We formed a Pinterest board (Arabic Cartoons for Kids (Without Music)) for it (which we will keep updating in shaa Allah) instead of a YouTube playlist because YouTube keeps showing irrelevant ads in between and weird suggestions around. Sometimes, totally inappropriate.
Alternatively, you can learn these rhymes yourself and sing to your child yourself. What you sing to them is far more effective. Do you know that ‘Aaisha (RA) was really good at poetry and used to teach rhymes to the kids. I’m usually sitting in front of the screen memorizing these rhymes just so I can sing them to her :p
WARNING: They will be on your mind all day long :/ You’ll be alif-baa-ing while cooking and cleaning as well. Proceed at your own risk!
f) Arabic worksheets
Make use of worksheets for beginners. Worksheets that help fine motor skills through pencil manipulation etc. There are many websites offering worksheets for beginners (Pinned in our Pinterest Board: Arabic Learning for non-natives). Many are free and for some, you can pay a one-time, monthly or a yearly fee. You can buy some stickers and put a star on each sheet your child completes.
2) Act it out (Total Physical Response)
Try to find books with good illustrations. Look at the pictures with your child, point to things they already know in Arabic. As you come across new words, ask the child what they think it is. If it is illustrated, have them point it out on the page.
Use different voices for different characters. If your child has a favorite Arabic story, then encourage him/her to play different characters making up the words from memory. Help your child to use his/her imagination to change the story or change the ending.
As Maroc mama quotes:
“I first heard of this method in my TEFL training courses. This method has educators using the same action to represent a word in both languages. Teachers and learners say the word while doing an action. This helps learners connect and transfer the two things. In the book mentioned above this process is referred to as “the bridge”. Many bilingual schools in the US use TPR methodology because it’s very effective at that age.”
3) Surround them with Arabic (native) Speakers:
If you don’t know Arabic, then surrounding yourself and your child with Arabic (native) speakers is the closest you can get to fluency. It would be more beneficial if the one you’re talking to, doesn’t know your language so you’re forced to use whatever Arabic you know (as funny as it may sound).
I know that the time I ACTUALLY started to speak a little Arabic was when I did a small Arabic course in Saudi Arabia and the teachers won’t let us say a word in any other language. Not even a question. So we’d mix our words with a lot of gestures and look quite funny as a result BUT we learned to at least speak SOMETHING by the end of that course. We weren’t experts but that was probably the most effective way of learning it.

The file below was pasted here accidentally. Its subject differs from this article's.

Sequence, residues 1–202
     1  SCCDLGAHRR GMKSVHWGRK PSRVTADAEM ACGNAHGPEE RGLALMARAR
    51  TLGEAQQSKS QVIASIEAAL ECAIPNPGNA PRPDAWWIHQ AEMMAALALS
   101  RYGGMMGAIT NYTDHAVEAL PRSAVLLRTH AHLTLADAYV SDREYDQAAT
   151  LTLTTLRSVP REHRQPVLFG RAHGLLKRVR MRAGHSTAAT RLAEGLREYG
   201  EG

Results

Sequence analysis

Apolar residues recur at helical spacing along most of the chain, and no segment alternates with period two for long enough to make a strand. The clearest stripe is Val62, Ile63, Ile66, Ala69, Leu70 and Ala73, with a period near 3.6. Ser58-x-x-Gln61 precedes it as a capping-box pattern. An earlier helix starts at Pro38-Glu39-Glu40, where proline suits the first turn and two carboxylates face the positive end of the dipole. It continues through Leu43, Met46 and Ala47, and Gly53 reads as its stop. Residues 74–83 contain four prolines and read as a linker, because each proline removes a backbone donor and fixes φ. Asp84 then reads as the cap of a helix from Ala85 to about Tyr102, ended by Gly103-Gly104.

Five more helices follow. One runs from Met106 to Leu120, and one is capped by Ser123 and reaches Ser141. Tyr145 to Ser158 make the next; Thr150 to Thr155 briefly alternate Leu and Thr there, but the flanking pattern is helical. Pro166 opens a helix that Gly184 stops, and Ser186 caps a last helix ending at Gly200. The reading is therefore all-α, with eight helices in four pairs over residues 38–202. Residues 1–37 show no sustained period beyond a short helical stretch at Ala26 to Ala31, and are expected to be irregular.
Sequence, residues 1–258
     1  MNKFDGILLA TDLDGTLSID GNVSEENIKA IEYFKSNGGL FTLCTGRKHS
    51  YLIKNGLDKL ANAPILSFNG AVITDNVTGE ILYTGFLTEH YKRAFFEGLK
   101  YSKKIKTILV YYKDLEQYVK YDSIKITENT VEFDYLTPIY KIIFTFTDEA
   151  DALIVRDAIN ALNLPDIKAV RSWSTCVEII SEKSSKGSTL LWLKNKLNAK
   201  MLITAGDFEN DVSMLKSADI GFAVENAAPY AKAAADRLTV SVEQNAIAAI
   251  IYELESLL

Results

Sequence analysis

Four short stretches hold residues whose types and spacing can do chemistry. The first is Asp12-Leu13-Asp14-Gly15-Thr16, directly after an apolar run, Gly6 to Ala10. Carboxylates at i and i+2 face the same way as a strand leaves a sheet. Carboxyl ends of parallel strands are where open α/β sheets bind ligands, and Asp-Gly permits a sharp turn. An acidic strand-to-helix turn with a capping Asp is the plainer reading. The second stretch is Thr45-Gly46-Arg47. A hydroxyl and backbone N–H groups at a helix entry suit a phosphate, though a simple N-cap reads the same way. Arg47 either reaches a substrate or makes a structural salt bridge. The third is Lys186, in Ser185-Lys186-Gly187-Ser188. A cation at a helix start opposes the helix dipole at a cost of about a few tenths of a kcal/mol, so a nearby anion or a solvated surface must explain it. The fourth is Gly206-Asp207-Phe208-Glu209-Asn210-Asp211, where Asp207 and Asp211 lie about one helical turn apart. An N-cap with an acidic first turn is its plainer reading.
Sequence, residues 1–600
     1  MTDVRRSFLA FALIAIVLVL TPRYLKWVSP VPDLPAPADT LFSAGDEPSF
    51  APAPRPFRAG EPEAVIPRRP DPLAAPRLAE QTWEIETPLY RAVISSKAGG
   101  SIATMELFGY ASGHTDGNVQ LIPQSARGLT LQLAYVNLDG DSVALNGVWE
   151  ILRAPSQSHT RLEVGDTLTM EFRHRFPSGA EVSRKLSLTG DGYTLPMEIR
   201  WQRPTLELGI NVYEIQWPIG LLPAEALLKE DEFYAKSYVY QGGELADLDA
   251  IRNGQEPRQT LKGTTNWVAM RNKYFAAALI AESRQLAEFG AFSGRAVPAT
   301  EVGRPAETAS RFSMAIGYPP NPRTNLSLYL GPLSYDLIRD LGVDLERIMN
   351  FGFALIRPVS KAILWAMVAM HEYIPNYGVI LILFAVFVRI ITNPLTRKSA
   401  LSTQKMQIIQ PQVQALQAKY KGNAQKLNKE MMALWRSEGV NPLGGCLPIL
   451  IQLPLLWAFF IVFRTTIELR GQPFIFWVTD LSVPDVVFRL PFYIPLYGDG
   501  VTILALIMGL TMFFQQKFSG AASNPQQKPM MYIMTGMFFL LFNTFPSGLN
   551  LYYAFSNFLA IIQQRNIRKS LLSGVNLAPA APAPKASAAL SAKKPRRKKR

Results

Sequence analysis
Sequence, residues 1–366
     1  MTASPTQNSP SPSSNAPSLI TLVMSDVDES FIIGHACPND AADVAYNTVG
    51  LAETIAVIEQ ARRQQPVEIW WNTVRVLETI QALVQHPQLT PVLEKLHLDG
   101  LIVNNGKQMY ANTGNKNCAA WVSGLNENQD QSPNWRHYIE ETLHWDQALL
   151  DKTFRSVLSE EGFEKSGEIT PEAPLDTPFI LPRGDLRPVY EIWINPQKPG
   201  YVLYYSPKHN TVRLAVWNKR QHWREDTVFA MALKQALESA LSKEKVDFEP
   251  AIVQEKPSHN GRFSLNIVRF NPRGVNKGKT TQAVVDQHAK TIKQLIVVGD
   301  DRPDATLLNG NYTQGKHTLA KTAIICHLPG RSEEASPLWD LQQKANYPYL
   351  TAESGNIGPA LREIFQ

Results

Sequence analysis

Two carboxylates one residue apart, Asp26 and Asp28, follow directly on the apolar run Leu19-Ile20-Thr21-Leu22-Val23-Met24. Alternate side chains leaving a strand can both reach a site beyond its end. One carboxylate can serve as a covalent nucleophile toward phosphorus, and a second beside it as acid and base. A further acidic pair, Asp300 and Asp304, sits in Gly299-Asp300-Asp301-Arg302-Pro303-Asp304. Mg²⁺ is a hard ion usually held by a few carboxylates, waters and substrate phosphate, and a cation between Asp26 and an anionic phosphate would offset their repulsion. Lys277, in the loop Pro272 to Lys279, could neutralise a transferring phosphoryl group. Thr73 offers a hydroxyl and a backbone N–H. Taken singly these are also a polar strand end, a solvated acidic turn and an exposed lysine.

You have to speak a language to learn a language. Reading will let you understand it. Studying it will help you write it as well. But if you want to speak it, then there’s no other way round. You just have to speak it!
With kids, the greatest advantage is – no matter how broken and funny your language sounds, they don’t care. They won’t judge you. So speak to them all that you can. Don’t fear that they’ll learn the wrong Arabic. The idea is to expose them to that language as much as you can and you are the best path to that learning. They’ll at least learn bits and pieces from you before they can fully grasp onto the language at whole in shaa Allah.
Don’t have a native speaker nearby? Take advantage of globe-shrinking technology and get a teacher via Skype or any online platform. Bayyinah’s “Arabic with Husna“ is amazing for children (even for adults actually).
For FREE reliable courses on Arabic, you can check out Islamic Online University (I’m doing their Intensive Arabic Program – which is a paid course) or Arabically (they’ll be starting online Arabic Grammar classes for ladies from next week).
Do you know of more FREE reliable resources? Feel free to share them ❤
4) Label Things in Arabic
Remember the commercial, where a grandpa labels everything in English with sticky notes to be able to learn a language that his granddaughter spoke? Yepp, label things! Because constant exposure to a word will embed it in your memory. Probably don’t go as dramatic as the grandpa from the commercial 😀 (you probably don’t even know what I’m talking about).
The point is, labeling helps you associate. It will help kids connect spoken and written words in shaa Allah. Just like writing a word, having something visual to connect to can help the brain hold onto and place the word. A word with an original picture in their mind.
Following is our attempt at labeling (Amina is in “teaching” mode):
You can make a chart with words of a day where you can practice two to three words all day long with your child, using them in different sentences/formations etc.
If you have more tips to share, please do so in the comments section below so everyone can benefit.
NEXT: Part 2